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I’ve always been proud to call North Carolina home.
As I thought about college, I never considered going to school outside of North Carolina. Both my parents were teachers and worked second jobs. My dad was the night manager at a retail store while my mom sold makeup. Money wasn’t abundant, so I knew a private or out-of-state college was most likely out of the question. And really, with the numerous higher education institutions in North Carolina, there was no reason to go another route.
When I was a freshman in high school, my sister started attending college at East Carolina University in Greenville, N.C. Helping her move into the freshman dorm was my first experience on a large public campus, and I loved it. From that moment, I couldn’t wait to get to college myself.
I contemplated many North Carolina Universities when it was time for me to make a decision. My top three choices were the University of North Carolina at Chapel Hill, the University of North Carolina at Wilmington and N.C. State University. I received an academic scholarship to N.C. State so decided on that school. My best friend and I went to college together. We’d always been close, but our time in Raleigh strengthened our friendship even further. Together, we studied, learned, and grew as women. We’re best friends to this day. I was also fortunate enough to make the N.C. State Marching Band as a majorette. This is a fun throwback photo of another twirler and myself. Working with the band while also attending school was a great lesson in time management and discipline.
It was during my time at N.C. State working at a summer day camp when I realized I wanted to work with children in some capacity. Prior to that, I’d been majoring in psychology with no specification, but once I realized how much I enjoyed kids, I decided to go on to graduate school after undergrad and major in school psychology.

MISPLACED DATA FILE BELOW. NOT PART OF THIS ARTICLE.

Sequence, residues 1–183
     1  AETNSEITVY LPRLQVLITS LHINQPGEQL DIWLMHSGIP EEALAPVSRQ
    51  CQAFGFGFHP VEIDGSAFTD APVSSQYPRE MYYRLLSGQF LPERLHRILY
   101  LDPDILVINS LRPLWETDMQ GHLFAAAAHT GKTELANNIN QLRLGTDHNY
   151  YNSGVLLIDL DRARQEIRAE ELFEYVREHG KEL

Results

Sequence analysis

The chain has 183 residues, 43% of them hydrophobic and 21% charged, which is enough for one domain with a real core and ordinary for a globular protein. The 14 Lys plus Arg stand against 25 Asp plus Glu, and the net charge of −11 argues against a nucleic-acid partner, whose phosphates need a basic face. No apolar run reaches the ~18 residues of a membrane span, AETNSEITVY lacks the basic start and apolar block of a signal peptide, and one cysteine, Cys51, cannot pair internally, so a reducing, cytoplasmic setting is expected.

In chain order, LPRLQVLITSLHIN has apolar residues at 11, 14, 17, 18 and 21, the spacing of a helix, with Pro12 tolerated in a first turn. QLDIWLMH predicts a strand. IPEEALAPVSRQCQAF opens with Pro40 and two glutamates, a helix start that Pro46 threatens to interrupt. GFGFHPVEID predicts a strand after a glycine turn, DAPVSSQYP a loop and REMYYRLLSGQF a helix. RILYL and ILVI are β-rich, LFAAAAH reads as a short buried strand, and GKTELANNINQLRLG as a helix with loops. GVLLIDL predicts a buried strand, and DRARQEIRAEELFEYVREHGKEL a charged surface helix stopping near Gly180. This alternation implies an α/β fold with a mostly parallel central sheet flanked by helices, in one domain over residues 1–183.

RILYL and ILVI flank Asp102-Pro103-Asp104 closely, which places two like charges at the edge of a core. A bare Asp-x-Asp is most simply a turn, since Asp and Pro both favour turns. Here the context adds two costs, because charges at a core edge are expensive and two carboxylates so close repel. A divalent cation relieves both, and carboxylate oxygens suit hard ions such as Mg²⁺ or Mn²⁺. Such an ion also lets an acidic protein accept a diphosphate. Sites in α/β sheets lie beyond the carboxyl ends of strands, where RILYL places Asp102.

I attended graduate school at Appalachian State University in Boone, North Carolina. We had a very close cohort of 10 girls. We came from all parts of the country and knew no one prior to arriving. Throughout our three years in the program, we grew closer and became a support system for one another. It was during this time when I learned what it meant to have a “tribe”. Since then, I’ve always surrounded myself with passionate, driven women who inspire and challenge me.
In the past, I’ve taken my two little boys to visit N.C. State University. We love taking photos in front of the Bell Tower. The photo below was taken when my younger son (now age 7) was only six-months old).
More recently, I took my two little boys, ages 10 and 7, to visit Appalachian State University. We had a great time frolicking in downtown Boone and exploring the campus.
I think it’s important to take children and adolescents to various college campuses when they are young. This allows them to start formulating thoughts about where they may want to attend college one day.
In my opinion, college is an integral component of a young person’s life. It’s a wonderful “shoulder season” that allows young people to develop social, educational and adult skills that will affect them forever.
North Carolina higher education works. It is not only grounded and reputable in history, but it’s a strong economic driver for the state. We must keep North Carolina higher education systems well-funded, affordable and accessible so that North Carolinians can get valuable higher education credentials. We must be diligent in our efforts! Our action ensures our higher education systems remain among the best in the nation.
In fact, North Carolina is one of three states with a unique constitutional mandate requiring the North Carolina General Assembly to provide all citizens with affordable higher education. The constitution reads; “The General Assembly shall provide that the benefits of the University of North Carolina and other public institutions of higher education, as far as practicable, be extended to the people of the State free of expense.”
With the ever-changing landscape of technology, it’s hard to know what jobs will exist or evolve over the next decade, but it’s a guarantee that candidates with a post-secondary education will out-leverage those with only a high school degree. North Carolina’s higher education system is incredible. As someone who experienced it herself, I can vouch for its quality and integrity. North Carolina’s amazing postsecondary institutions help citizens attain their education.
As citizens, we must support our higher education system in an effort to make secondary schooling affordable and accessible to all people. Register for the weekly newsletter and connect with Higher Ed Works on Twitter to stay informed.